Politicians’ daily balancing act between work and...
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Feb 25, 2016  |  Vote 0    0

Politicians’ daily balancing act between work and family

With 100 days in office now under their belt, the Toronto Star checked in with several Liberal cabinet ministers to see how their life-work balance was working out


OTTAWA — The political pace can be relentless and all-consuming. Meetings and more meetings. House duty. Committee sessions. And on weekends, duty calls in the ridings where MPs meet constituents and attend events.

With such a jam-packed work agenda, carving out personal time can be a challenge, but it’s a goal that Justin Trudeau and his cabinet ministers have set for themselves.

Environment Minister Catherine McKenna set the tone with her commitment to return to her Ottawa home most days around 5:30 p.m. to have dinner with the family and help with homework.

That message was underscored this week when philanthropist Melinda Gates said she was “thrilled” by McKenna’s example, and she’d like to see male Liberal cabinet ministers follow that lead.

To escape the demands of office, ministers hit the gym, block out one night a week to be with their spouse, and make effort to get back to their home towns as often as they can.

With 100 days in office now under their belt, the Toronto Star checked in with several cabinet ministers to see how their life-work balance was working out.

Health Minister Jane Philpott (Markham -Stouffville) said it’s all about priorities.

“Well, my family is not living in town; they’re back in the riding. So when I go home on weekends, I make sure that I get all kinds of time with them, and I talk to my husband and my kids pretty much every day and make sure they’re a top priority.”

Defence Minister Harjit Sajjan (Vancouver South) said it’s difficult to make time for family, especially when they don’t live in Ottawa. But Sajjan said he’s used to the balancing act, with his military background.

“Technology helps, but I’ve been away from my family before as well, in terms of being deployed overseas, but at the same time, you know what, I — as the minister of national defence, I can’t really complain too much because I have troops spread out all over the world that are away from their families and so my heart also goes out to them.”

Innovation Minister Navdeep Bains (Mississauga-Malton) said that he remembers well from his previous experience in government that it’s important to spend time with his two daughters, now 8 and 5.

“When I’m in the constituency, I carve out a day for them, to make sure that there’s uninterrupted, the phones are put aside. I’m spending time with them. We might go for breakfast together, might watch a movie together, but I don’t bring work or I make sure that work doesn’t interfere with that day . . . . I must say I’m very blessed to have a very supportive wife.”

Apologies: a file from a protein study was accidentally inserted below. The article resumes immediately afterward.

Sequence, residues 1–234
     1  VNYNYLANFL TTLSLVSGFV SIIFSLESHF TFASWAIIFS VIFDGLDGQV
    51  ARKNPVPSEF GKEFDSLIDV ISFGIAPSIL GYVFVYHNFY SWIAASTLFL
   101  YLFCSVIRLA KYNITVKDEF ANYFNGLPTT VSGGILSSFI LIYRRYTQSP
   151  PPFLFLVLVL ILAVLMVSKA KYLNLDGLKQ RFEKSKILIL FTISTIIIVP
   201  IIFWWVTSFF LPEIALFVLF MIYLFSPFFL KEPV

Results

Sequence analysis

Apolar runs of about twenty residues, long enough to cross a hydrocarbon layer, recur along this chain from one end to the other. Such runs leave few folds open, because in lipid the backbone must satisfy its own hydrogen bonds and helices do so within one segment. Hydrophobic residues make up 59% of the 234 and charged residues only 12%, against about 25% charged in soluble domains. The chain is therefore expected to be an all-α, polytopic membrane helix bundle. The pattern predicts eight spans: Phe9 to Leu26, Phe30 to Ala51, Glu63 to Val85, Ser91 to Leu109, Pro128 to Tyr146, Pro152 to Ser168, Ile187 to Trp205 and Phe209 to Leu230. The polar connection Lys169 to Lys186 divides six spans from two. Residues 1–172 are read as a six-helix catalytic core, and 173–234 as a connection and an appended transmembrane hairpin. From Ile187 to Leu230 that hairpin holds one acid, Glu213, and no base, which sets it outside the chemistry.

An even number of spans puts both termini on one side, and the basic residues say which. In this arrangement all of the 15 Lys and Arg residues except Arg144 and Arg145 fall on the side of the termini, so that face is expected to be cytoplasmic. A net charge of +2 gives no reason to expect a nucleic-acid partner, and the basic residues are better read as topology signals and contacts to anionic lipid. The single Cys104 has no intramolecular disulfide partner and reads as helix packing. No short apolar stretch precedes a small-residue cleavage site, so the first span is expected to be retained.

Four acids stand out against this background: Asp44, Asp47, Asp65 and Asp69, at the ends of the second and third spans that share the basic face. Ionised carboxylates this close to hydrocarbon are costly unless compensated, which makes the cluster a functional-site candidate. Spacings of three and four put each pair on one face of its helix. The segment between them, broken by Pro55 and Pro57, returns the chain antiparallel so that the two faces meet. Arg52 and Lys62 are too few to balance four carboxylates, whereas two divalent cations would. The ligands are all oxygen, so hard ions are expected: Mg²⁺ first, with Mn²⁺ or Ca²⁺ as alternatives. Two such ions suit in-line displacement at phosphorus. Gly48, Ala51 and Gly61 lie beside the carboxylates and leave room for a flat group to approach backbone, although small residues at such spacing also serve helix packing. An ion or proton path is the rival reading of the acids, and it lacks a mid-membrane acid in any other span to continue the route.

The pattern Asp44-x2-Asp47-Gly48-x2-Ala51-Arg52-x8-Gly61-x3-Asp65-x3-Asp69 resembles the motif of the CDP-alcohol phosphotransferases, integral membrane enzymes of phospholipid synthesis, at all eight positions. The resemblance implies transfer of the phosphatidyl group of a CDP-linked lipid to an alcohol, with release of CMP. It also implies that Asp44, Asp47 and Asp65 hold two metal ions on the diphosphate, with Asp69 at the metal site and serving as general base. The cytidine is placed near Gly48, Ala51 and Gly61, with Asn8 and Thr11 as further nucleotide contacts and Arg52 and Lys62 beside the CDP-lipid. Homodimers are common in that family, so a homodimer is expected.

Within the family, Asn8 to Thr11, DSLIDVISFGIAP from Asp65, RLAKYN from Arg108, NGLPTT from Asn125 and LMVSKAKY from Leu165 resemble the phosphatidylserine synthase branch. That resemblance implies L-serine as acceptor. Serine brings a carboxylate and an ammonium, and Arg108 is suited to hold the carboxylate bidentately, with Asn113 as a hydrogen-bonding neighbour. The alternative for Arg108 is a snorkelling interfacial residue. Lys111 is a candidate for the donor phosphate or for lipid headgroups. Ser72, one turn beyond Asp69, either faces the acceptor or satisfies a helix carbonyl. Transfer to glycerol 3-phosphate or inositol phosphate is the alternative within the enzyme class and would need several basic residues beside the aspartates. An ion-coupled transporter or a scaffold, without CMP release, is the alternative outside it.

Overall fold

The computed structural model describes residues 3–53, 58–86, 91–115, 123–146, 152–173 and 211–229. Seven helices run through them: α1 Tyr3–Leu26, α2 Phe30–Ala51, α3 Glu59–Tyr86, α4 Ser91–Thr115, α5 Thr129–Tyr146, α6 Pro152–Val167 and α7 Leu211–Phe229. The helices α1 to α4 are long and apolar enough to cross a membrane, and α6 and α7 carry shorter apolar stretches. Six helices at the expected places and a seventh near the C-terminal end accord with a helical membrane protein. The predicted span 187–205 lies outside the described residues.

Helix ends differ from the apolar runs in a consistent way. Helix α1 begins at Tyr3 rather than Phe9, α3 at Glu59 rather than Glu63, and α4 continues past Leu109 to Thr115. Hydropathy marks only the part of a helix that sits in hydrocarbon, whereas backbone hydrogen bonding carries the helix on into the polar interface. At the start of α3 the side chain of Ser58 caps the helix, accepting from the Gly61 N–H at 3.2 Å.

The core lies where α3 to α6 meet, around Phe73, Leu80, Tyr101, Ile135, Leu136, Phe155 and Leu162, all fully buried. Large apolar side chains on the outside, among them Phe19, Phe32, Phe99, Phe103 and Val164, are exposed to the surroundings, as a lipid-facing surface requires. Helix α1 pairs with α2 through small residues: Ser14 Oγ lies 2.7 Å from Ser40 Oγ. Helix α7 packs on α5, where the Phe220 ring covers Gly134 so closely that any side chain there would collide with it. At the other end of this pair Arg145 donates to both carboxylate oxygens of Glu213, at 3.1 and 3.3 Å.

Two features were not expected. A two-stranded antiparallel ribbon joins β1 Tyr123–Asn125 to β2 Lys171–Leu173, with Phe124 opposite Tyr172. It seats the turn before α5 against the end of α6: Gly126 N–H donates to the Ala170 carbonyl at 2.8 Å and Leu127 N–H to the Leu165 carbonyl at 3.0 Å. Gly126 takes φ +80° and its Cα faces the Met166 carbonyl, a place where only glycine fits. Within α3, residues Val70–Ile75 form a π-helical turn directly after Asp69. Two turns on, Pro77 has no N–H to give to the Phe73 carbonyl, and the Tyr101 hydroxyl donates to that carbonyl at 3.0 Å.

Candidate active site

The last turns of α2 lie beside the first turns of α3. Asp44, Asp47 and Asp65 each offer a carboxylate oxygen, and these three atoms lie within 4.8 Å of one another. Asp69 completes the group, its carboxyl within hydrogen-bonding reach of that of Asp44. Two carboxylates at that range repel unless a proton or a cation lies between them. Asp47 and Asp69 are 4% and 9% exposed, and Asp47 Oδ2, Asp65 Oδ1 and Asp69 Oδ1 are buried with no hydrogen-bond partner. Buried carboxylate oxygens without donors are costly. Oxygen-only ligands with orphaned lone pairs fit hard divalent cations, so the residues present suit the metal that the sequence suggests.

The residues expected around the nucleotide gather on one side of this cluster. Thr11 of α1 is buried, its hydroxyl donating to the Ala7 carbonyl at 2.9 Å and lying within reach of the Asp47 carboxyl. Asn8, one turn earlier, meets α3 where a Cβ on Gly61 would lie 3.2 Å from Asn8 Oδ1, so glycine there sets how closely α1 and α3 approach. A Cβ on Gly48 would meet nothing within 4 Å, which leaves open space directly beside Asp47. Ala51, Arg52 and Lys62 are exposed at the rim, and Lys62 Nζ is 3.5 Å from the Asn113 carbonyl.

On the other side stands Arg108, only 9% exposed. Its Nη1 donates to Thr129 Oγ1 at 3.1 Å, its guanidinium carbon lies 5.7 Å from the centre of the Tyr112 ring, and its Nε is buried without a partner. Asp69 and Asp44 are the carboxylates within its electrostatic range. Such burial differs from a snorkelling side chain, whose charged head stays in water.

Aboriginal Affairs Minister Carolyn Bennett (Toronto-St. Paul’s) says she tries to devote a day a week to family time, and if at all possible get some cooking in. Bennett, a physician, also praised down time and sleep as part of being able to perform well.

“I also know I have to get to the cottage to actually . . . plug in the batteries and have time to think and that. So I think you have to carve it out and you have to decide that this is . . . part of you doing a good job. And I think the other piece that probably I did very badly for 25 years delivering babies is to get enough sleep.”

Transport Minister Marc Garneau (Notre-Dame-de-Grâce—Westmount) said that every cabinet minister — and every Canadian — has to figure out a system that works for them.

“That’s something everybody has to figure out for themselves, but it is . . . important if you can be with your family. Not everybody lives (in Ottawa), of course, but otherwise to take some time for yourself, call your family. I call my family; I keep in touch with them. It’s something you have to — you have to balance, as with any job, really.”

Status of Women Minister Patty Hajdu (Thunder Bay-Superior North) uses her trips back to the riding to recharge.

“When I’m in Ottawa, I’m here to work so I don’t necessarily have any problem at all with the long days. They’re long, absolutely. Then I’ve been able to get home just about every weekend so that is the balance I need. I need to connect with my 19-year-old and my partner, spend some time with my dogs and life a normal life. It’s really adapting and learning but I’m enjoying it.”

Government House leader Andrew Leslie (Orléans) laughs aloud when asked abut his life-work balance.

“I have my wife at home here in Ottawa and she grounds me and makes sure I get to the gym at 5:30 in the morning. I’m not entirely sure I pass the life-work balance test . . . so still have some learning to do. . . . All parliamentarians, in my opinion, having been a soldier for 35 year, I find work very hard. When they’re not here in Ottawa, they hop on a plane or drive or train to their constituencies and go all weekend.”

Heritage Minister Mélanie Joly (Ahuntsic-Cartierville) says her resolution for 2016 is to achieve better life-work balance.

“For me, my personal life and my relationship with my spouse is the most important priority. Anytime that comes into conflict, I know what to choose. . . . I try to organize myself to really be able to balance everything. . . . Friday nights always set aside, at least one day over the weekend. . . . When I’m here, I go and do my training with some friends . . . . My team knows that ultimately to have a performing minister, they need to have a healthy one.”

Toronto Star

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